Don’t leave me hangin’ on the telephone?

Remembering the (bad) old days.

Photo by Katrin Hauf on Unsplash

A grade school classmate, Marny, now a Facebook friend, was irked that a new area code was being overlaid on her current one.

MARNY: They did this several years back where my brother lives, and my brother learned he had to dial 11 digits to call his next door neighbors! Now it’s happening here!

ME: We’ve been that way for several years here in central PA. It was, believe it or not, an improvement for us! We went for many years before the final switch, having to dial the area code for an inter-LATA call (aka “local long distance”) but not an intra-LATA call (“local”) — even with the same area code. How did you know without looking at a map from the phone company? When you got a “brr-Brr-BRR!” error if you picked the wrong option! So we needed to dial eleven digits to call my late in-laws from home, but seven if we called from work. Now we just dial eleven. Well, ten, actually, because who calls long distance on a landline these days?

We went into discussions about having to choose whether to just get local service or “extended” local service —I’d totally forgotten about those days (and I used to work for a local phone company!). And then there were the old landline habits that Millennials seldom experienced and GenZs know nothing about.

ME: When Deb worked at the university and had student helpers, she had to explain how landline phones worked. Not the buttons (these weren’t rotary!) but the 1 before the number — the kids thought it was arbitrary and silly.

MARNY: The “1” gets the caller into the long distance system. The alternative is “0”, which uses an operator to place the call, even though you dial all the numbers. It would be for something like person-to-person where you would only be charged for the call if the person to whom you want to speak is available and takes the call.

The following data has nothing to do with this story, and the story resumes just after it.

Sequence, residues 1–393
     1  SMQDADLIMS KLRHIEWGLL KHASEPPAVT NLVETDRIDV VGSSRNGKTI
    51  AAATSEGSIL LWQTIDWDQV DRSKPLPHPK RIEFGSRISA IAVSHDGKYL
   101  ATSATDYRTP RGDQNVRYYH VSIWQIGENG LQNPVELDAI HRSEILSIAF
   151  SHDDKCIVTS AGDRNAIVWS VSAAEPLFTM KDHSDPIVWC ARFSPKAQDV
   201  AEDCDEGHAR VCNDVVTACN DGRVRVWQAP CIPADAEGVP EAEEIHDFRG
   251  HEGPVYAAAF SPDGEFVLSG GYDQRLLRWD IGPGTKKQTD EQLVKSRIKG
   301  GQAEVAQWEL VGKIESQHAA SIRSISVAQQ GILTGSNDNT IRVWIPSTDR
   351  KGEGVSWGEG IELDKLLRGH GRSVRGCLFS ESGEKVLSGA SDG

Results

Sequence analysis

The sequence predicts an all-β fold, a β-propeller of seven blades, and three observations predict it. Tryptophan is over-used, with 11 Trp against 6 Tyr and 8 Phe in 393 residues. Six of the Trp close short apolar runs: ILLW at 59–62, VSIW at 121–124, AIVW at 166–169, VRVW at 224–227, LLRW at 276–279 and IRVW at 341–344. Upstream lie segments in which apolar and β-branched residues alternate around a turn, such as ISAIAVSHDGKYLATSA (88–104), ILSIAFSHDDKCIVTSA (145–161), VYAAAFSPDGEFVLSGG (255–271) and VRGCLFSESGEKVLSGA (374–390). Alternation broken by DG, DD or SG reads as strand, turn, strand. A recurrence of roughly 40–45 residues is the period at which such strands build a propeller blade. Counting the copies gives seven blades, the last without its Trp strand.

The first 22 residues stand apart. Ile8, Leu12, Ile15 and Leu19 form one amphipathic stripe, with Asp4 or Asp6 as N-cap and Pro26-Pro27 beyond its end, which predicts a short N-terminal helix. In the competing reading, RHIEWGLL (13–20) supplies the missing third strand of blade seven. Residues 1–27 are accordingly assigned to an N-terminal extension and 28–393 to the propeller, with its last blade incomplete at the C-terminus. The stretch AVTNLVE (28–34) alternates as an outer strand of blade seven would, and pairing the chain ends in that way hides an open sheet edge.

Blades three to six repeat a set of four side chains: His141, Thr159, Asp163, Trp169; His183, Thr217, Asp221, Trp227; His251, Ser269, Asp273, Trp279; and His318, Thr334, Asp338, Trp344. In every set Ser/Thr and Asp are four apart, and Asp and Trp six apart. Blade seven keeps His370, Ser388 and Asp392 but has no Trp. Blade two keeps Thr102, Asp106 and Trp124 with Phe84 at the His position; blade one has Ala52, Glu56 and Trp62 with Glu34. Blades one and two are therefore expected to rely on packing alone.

ME: I would LOVE to see you explaining all that to a GenZ! 😁 They would think you were making it all up.

When I worked for Sprint/United Telephone in Carlisle, PA, we still had some of the old (OLD!) analog switching units in use in the downtown office. I could stand outside the “closet” and hear the difference between local and long-distance calls going through. While I was still there in 1994, almost a floor of analog switches got replaced by a digital unit the size of a household fridge, with several times the capacity. And then there were the even older landlines…

MARNY: My grandparents in rural Wisconsin were on a party line! To call someone else on the same line, you picked up the receiver, listened to make sure no one else was on the line, dialed the last five digits of the number you wanted, then hung up so the other person’s phone would ring. After about 10–15 seconds you picked up your phone again and hoped the person you were calling was on the line. I always thought it was rude to dial a friend’s number and then hang up the phone.

ME: Deb had a party line growing up, into her high school years! Problem #1: her dad was a pastor, and sharing a party line was NOT a good thing when people called with problems (Dad had to get an extension line installed from the church office so he could take “work calls” at home). #2: although Deb dated in high school as much as I did (not at all, IOW) her younger sister was VERY popular with the boys… and a party line was NOT conducive to teenage conversations. For some odd reason, Dad never came up with a solution to that one.

DEB: Our line worked like what Marny describes, only we didn’t actually have to hang up, we just did a “hook switch” where we put our finger on the hook for a couple seconds and then lifted it. But I could see how a kid would think they were “hanging up.” Or maybe their phones were different.

Also back in the old days, you were only supposed to use phones from “The Phone Company” (there was only one) and you got charged for every phone (not line, EACH TELEPHONE) you had.

MARNY: My sister moved her bedroom up to the room in the attic (formerly the guest room; her old room became the guest room). Then she ran a phone extension line into her room. That was when you were charged for the number of phones you had and Daddy found out when he saw additional charges on the phone bill. He was pissed! He also made her take out her extension.

Yes, The Phone Company knew when you’d been bad or good…

Any stories anyone else wants to share?



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Jack Herlocker

Jack Herlocker

Husband & retiree. Developer, tech writer, & IT geek. I fill what’s empty, empty what’s full, and scratch where it itches. Occasionally do weird & goofy things.